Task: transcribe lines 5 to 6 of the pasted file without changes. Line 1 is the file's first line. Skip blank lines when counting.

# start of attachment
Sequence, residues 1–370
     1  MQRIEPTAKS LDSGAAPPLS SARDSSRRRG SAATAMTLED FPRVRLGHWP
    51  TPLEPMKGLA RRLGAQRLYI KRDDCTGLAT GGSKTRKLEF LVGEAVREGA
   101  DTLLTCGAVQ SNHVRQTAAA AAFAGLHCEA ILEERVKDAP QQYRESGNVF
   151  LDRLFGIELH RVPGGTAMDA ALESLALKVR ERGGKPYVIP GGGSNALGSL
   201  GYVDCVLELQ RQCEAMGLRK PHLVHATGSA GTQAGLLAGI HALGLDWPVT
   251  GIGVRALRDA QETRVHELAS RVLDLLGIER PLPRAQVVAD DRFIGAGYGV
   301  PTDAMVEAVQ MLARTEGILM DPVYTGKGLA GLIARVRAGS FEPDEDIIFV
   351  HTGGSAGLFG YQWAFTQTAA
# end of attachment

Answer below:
   151  LDRLFGIELH RVPGGTAMDA ALESLALKVR ERGGKPYVIP GGGSNALGSL
   201  GYVDCVLELQ RQCEAMGLRK PHLVHATGSA GTQAGLLAGI HALGLDWPVT